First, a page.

Upon first listen, it was clear to me that Nine Types of Light, the fourth studio album by Brooklyn quintet TV on the Radio (although that number was unfortunately subtracted by one when bassist Gerald Smith died of cancer in April of this year) was inferior to at least its two immediate predecessors, 2006's Return to Cookie Mountain and 2008's Dear Science. It fell a little too much on the mellow side, and it lacked something with the brute force and raw power of Return's "Playhouses" or the infectious hummability of Science's "Golden Age." And anyway, it is no shame to fall short of those albums. Both ranked among the best of their year and decade. However, since I still spend money on music - sometimes I feel like I am the only one - I decided I would give it more than one listen. I'm glad I did.
At 10 songs and a little more than 40 minutes, Nine Types of Light is a very cohesive, easy listen. The falsettos displayed by vocalist Tunde Adebimpe and vocalist/guitarist Kyp Malone continue be two of the more interesting "instruments" in contemporary rock music, while the sonic landscapes designed by guitarist/producer David Andrew Sitek contain a wealth of intriguingly odd sounds per usual. Meanwhile, the late Smith and drummer Jaleel Bunton provide a rhythm section that give the songs extra depth.
I am a fan of this band whether the pacing of their songs is fast or slow, but for whatever reason I really tend to go for the upbeat numbers. Therefore, for me, the highlights of the piece are "No Future Shock," a dancer with a thunder-drum opening, a squiggly guitar driving it along, and a dissonant keyboard squall kicking it up another level in the chorus, and "New Cannonball Blues," which has an even more nasty drum line, an even deeper and more guttural synth blast at its core, and something that has become a near-signature for the band - deft usage of the horn section, especially in its stirring, melodic conclusion.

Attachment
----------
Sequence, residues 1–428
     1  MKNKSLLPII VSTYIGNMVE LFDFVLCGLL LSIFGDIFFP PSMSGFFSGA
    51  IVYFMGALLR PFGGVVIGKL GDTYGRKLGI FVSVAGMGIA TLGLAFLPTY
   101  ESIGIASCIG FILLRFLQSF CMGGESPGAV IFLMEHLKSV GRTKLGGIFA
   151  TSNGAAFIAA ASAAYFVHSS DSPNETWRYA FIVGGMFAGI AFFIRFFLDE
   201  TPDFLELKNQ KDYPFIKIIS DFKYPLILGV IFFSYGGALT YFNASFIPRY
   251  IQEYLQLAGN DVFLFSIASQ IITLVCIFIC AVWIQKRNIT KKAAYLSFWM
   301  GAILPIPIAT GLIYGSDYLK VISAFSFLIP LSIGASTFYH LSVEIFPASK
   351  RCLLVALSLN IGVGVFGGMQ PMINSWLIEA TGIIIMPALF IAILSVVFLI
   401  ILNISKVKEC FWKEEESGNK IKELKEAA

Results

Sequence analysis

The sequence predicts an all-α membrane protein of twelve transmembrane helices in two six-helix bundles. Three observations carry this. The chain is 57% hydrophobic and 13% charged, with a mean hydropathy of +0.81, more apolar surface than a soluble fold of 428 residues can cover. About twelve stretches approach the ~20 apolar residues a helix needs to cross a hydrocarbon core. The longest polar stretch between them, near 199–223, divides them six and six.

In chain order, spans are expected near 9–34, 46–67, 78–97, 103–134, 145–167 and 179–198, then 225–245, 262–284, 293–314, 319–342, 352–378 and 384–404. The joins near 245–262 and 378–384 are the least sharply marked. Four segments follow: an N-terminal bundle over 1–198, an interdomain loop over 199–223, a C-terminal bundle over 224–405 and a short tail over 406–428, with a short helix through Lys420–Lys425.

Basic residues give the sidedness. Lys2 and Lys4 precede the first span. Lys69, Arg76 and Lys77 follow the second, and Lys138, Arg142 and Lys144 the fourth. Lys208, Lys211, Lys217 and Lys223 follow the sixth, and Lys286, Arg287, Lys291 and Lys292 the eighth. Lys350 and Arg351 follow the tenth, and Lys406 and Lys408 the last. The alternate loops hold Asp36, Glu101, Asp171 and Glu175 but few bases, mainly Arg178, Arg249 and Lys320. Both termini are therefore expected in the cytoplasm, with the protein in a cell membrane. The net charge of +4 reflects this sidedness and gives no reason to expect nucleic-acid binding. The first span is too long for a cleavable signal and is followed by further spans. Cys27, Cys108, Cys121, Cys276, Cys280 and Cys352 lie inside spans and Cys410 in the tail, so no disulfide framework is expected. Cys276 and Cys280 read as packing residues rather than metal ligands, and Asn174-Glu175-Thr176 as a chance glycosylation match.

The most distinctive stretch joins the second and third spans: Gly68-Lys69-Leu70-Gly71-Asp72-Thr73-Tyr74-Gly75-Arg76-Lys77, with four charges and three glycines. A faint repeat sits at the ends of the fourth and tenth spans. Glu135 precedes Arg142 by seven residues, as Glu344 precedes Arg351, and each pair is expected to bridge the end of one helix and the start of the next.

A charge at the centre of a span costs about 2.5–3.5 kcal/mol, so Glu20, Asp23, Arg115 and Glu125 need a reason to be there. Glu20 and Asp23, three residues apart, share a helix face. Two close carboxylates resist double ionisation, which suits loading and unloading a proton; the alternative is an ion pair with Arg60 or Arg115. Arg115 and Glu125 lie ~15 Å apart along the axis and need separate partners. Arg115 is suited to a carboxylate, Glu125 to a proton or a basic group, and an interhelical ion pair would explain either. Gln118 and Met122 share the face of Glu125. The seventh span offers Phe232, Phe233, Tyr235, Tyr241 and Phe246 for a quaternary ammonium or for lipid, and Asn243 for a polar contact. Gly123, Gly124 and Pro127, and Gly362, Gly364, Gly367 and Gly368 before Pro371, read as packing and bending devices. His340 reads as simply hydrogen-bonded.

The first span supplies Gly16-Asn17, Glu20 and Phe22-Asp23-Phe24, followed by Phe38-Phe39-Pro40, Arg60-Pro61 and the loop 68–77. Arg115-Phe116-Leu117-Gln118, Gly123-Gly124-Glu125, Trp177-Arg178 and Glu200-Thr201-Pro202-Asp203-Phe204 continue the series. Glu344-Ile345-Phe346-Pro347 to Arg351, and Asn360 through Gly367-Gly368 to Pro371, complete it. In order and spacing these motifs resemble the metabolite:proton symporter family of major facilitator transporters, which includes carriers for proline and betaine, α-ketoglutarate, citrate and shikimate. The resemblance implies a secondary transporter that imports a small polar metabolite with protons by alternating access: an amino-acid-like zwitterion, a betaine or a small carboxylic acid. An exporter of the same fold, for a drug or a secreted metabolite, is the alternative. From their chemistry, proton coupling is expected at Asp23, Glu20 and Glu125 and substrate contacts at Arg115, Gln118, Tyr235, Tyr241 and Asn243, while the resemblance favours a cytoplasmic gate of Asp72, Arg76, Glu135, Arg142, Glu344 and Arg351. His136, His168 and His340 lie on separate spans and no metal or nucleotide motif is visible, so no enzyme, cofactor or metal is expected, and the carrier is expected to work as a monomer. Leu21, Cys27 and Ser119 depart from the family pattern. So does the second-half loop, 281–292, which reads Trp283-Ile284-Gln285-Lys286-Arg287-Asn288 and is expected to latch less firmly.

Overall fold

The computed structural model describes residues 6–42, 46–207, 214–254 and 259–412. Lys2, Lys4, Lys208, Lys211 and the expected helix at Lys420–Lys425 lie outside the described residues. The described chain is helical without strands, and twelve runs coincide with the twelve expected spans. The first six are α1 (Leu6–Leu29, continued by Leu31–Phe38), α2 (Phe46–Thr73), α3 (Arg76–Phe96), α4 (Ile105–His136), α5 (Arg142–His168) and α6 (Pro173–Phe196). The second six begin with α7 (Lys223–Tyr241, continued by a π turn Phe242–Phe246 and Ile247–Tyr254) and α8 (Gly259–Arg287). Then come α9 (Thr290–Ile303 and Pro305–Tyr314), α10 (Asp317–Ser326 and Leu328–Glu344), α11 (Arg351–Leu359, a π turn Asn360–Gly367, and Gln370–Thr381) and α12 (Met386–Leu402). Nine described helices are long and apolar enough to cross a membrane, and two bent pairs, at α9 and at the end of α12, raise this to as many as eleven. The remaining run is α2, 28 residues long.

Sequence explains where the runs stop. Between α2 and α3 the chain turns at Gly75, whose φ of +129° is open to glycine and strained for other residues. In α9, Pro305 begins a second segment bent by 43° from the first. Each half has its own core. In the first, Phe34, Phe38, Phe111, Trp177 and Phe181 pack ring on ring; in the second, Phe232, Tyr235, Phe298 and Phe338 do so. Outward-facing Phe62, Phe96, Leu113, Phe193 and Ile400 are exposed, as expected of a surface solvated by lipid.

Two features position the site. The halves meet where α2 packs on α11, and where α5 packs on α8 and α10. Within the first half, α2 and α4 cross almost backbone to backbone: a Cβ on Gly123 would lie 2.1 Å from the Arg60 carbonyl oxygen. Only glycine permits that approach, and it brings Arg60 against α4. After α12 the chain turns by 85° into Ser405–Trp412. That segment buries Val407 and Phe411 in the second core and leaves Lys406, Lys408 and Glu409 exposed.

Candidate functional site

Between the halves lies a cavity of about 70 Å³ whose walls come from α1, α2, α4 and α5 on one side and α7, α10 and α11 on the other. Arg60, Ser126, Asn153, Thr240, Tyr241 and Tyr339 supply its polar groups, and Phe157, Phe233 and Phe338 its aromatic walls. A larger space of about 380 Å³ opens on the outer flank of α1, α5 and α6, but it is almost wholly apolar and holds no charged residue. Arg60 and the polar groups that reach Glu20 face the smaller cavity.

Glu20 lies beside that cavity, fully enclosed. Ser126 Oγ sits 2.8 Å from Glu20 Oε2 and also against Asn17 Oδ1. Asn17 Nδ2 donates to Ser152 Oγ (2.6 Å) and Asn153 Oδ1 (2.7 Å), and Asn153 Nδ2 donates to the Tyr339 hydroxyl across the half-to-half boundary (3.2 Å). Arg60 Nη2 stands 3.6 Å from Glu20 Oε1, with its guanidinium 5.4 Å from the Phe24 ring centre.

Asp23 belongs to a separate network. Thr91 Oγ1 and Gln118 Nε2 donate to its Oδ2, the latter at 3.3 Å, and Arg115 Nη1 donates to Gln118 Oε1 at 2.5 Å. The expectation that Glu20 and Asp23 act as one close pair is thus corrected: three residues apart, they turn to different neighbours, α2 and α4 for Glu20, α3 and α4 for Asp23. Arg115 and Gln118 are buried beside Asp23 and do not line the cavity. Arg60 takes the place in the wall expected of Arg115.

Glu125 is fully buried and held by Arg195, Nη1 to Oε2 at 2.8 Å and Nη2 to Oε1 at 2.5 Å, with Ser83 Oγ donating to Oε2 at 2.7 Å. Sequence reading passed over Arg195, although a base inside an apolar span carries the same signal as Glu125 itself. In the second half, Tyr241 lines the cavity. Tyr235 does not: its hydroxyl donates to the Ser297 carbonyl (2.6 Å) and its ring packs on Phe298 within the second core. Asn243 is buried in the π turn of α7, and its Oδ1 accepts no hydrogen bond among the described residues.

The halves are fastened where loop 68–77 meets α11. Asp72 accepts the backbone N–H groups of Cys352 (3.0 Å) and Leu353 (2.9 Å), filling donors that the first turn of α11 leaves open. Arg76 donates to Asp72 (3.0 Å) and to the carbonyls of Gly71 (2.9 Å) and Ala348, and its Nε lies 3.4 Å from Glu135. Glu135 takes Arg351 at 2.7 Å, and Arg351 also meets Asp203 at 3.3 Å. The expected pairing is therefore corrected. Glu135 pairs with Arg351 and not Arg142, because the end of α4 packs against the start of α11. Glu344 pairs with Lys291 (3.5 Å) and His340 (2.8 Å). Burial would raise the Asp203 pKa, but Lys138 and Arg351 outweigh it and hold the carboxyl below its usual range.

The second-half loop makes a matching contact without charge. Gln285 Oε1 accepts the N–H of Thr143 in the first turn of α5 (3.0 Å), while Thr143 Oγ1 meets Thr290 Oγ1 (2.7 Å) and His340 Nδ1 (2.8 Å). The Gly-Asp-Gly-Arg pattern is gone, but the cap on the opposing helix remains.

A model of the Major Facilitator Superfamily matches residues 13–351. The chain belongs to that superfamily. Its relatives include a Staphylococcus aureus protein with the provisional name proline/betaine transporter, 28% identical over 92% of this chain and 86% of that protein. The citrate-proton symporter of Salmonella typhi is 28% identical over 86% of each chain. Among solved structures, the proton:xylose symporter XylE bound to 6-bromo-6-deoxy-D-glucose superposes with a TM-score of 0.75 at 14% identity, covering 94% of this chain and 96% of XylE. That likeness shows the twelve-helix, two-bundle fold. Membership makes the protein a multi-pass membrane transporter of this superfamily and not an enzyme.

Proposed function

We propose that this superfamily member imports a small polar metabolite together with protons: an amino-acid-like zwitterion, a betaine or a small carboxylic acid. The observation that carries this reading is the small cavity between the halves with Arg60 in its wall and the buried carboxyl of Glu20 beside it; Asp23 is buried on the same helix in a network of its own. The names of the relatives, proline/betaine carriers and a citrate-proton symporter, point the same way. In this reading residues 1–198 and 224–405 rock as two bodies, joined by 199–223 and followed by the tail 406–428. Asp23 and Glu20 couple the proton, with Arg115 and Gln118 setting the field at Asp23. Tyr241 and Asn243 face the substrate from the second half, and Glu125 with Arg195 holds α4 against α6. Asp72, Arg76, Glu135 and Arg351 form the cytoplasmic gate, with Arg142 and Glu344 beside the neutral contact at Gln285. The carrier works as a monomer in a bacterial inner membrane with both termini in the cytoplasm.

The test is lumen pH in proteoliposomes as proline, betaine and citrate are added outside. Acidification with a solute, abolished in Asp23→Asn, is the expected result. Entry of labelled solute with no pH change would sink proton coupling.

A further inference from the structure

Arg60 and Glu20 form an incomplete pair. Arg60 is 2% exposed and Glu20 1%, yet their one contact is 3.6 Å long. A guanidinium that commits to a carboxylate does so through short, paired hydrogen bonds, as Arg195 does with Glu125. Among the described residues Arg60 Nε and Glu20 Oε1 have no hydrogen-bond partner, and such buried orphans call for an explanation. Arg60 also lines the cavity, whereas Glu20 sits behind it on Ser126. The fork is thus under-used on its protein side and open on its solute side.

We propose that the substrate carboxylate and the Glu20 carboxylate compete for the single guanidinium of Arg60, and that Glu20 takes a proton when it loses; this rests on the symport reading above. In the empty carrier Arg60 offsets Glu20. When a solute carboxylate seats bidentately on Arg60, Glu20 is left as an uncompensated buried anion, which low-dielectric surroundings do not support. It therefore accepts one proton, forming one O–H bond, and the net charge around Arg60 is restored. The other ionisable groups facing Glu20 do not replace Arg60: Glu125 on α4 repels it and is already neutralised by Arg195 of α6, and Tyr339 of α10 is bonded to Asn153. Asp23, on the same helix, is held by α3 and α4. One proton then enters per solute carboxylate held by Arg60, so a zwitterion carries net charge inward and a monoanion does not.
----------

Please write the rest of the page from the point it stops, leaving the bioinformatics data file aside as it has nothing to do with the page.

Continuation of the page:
While these are clearly my two favorite songs on the album, the slower ones began to grow on me more with each subsequent listen until the full-length began to seem as seamless and complete as the rest of their discography. "Keep Your Heart" benefits from a hand-clap rhythm, a sensitive yet effective rhythm guitar, and an Adebimpe bass vocal that probably should have come off as really silly, but works for the song. The xylophonish opener of "Will Do" became a bass-heavy ballad with strong effects-based backing. Once the intense guitar and overriding synth line came in over the chorus, it was easy to forget that the lyrics are a tad bit cliche and lover-mannish. TVotR (notice the witty abbreviation!) also make a very interesting choice for the album closer. "Caffienated Consciousness" is a stunner that seems like it would have been a perfect album opener, with crushing guitars, a tight drum/bass combo, and wailing lyrics by Adebimpe. However, by closing with it, the band seems to be sending a message that there is more where this album came from, and that maybe we will see another full-length in shorter time then it took to get this one out (the band went on a shocking hiatus in 2008, and in light of Smith's death that seems to make more sense).
The truth is this is probably the third-best album by a band who has made four. If your band's name was Nickleback, it might be time to commence playing Frisbee with the CD. But when you are TV on the Radio, a band with a seemingly endless well of brilliant ideas just waiting to be put on wax, that ain't bad.